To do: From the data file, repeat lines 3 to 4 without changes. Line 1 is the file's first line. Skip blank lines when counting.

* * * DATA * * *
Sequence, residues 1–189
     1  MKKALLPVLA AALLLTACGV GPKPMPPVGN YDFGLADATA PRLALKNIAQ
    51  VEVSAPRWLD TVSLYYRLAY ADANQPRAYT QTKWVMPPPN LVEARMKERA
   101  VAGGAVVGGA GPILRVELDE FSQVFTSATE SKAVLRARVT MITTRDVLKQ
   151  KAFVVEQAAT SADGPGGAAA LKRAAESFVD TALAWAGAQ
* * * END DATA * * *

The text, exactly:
    51  VEVSAPRWLD TVSLYYRLAY ADANQPRAYT QTKWVMPPPN LVEARMKERA
   101  VAGGAVVGGA GPILRVELDE FSQVFTSATE SKAVLRARVT MITTRDVLKQ